Biden is scheduled to address world leaders Friday at a virtual session of the Munich Security Conference, remarks sure to be watched carefully by Iran as well as other countries trying to divine his intentions for the nuclear deal.
The State Department said Thursday that the United States would accept an expected European Union invitation to attend a gathering of parties to the original deal, including Iran, the timing of which was not immediately clear.
In a briefing with reporters, a senior State Department official called the prospect of meeting the Iranians face-to-face “a step” more than a breakthrough.
Overall, developments so far suggest that a full restoration of the original deal, officially called the Joint Comprehensive Plan of Action (JCPOA), may be a far messier, longer-lasting set of negotiations than what many observers had expected – if it happens at all.
“There is a window of opportunity that simply will not last,” warned Daryl Kimball, executive director of the Arms Control Association. “The slow pace of deliberations on the part of the United States will jeopardize Biden’s stated goal, which is to restore the agreement and to build on the JCPOA.”
But there are “a lot of different views” within the administration, one of the people familiar with the discussions said, adding, “I think there’s an instinct to return to the deal, but that’s not a preordained outcome.”
“I don’t get the sense they have a timeline, like they don’t have dates and times” for reentering the deal, a Capitol Hill Democratic aide added.
How fast to move —
and how big?
One internal administration debate about the next steps has largely boiled down to this: Whether to aim for a return to the original nuclear deal first or seek a broader deal from the start. A broader deal could possibly include non-nuclear aspects, such as limits on Iran’s ballistic missile program, and have provisions that last longer than the original deal or are permanent.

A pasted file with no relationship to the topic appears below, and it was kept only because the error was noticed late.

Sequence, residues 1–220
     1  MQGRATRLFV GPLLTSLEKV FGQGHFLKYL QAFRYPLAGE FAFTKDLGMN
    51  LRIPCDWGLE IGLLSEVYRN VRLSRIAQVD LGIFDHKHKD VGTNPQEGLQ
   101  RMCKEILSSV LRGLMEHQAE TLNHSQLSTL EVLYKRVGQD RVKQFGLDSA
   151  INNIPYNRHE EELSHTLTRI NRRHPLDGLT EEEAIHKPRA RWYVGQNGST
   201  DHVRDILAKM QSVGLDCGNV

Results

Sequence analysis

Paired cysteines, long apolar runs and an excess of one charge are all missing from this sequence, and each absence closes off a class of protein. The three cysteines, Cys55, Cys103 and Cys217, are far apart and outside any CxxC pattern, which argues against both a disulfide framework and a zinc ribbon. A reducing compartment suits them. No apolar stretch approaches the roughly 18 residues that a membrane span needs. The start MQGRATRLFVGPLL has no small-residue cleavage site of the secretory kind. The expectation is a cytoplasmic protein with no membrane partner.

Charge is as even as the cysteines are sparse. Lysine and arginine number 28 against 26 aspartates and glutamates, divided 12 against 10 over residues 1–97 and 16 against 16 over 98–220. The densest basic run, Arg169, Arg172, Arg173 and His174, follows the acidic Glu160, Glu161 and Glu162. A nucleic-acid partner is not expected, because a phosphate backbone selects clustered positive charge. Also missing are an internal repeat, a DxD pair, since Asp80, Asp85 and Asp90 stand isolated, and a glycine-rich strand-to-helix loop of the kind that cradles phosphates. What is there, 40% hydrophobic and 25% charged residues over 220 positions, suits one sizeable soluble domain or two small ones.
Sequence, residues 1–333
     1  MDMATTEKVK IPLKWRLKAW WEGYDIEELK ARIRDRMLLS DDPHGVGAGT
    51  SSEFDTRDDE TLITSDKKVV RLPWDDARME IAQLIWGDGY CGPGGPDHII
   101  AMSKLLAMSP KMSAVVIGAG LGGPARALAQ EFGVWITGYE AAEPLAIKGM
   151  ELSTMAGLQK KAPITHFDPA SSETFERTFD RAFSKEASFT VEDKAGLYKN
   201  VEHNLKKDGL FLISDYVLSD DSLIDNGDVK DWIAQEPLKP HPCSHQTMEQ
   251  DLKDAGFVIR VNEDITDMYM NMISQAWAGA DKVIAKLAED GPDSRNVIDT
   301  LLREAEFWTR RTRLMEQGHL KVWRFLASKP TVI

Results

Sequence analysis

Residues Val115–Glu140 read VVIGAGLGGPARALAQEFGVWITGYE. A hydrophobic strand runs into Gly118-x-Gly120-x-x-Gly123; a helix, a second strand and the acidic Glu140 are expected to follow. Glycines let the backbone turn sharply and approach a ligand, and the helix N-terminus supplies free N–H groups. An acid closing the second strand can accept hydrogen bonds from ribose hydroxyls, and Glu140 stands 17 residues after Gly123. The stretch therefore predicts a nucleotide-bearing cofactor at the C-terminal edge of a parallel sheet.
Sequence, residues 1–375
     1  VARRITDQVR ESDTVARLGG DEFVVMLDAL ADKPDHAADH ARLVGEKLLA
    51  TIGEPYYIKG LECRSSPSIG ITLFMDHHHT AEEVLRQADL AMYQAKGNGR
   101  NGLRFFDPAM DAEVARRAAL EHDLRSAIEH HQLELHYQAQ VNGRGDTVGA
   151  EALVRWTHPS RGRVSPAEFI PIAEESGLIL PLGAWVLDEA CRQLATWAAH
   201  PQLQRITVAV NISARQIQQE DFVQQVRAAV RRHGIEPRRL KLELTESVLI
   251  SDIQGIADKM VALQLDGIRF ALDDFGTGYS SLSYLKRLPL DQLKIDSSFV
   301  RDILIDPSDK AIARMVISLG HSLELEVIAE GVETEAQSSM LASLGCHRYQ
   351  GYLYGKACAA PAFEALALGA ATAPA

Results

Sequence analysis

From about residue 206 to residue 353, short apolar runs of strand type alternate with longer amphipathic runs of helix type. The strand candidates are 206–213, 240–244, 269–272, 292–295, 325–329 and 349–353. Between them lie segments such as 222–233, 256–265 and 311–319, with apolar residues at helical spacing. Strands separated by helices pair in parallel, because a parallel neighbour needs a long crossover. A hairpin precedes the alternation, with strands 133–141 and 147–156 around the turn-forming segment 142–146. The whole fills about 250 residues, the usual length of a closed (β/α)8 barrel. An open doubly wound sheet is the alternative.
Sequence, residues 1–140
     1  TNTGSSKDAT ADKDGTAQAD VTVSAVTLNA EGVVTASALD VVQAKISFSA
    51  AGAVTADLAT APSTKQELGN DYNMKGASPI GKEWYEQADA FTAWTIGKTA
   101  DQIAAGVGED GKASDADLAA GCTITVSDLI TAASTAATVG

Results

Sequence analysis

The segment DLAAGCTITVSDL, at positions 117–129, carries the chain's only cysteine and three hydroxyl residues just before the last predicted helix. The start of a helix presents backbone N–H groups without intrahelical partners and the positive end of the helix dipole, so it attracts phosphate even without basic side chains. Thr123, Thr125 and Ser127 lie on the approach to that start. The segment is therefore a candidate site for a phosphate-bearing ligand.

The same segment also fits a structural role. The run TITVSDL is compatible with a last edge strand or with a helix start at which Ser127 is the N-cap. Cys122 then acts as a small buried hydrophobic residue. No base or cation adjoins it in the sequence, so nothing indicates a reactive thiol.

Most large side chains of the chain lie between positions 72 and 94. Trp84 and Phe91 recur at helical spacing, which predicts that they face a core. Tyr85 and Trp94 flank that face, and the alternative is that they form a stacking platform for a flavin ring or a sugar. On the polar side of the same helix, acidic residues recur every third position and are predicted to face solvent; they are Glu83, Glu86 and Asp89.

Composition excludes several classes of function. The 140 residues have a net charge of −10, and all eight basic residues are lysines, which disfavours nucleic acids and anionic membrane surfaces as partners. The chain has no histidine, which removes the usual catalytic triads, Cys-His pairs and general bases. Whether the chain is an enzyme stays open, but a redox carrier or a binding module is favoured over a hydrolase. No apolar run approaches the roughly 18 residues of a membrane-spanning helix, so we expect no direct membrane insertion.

Either way, one option on the table is to have some sort of interim agreement that can build confidence on both sides.
The interim agreement would not necessarily look like the original deal, people familiar with the discussions said. It could involve giving Iran some limited sanctions relief — such as allowing oil sales — in exchange for Tehran halting some of the moves it has made since President Donald Trump pulled out of the agreement, such as enriching uranium to 20 percent purity.
One senior Biden administration official, however, insisted that the debate has passed. The agreed-upon goal remains to return to the original nuclear deal if Iran complies with it, the official said. But exactly what steps must be taken to achieve that goal and at what pace are still a matter of debate and discussion, the official said.
The people familiar with the discussions did not know or declined to say who among Biden aides was arguing for which tactics. Some stressed that the administration, not even a month old, is still filling key positions at the State Department, White House and beyond that are relevant to the Iran discussion.
Three of the people, however, noted that Brett McGurk, a senior Middle East official on the National Security Council staff, is among the more hawkish voices on Iran – and that national security adviser Jake Sullivan at times takes a harder line than many of his colleagues.
Both of these senior national security officials may be more inclined to aim for a bigger deal immediately, rather than trying to resurrect the 2015 version, people familiar with the discussions said. That being said, Sullivan recently declared that containing Iran’s nuclear program is a “critical early priority” of the administration, signaling an eagerness to resolve the standoff.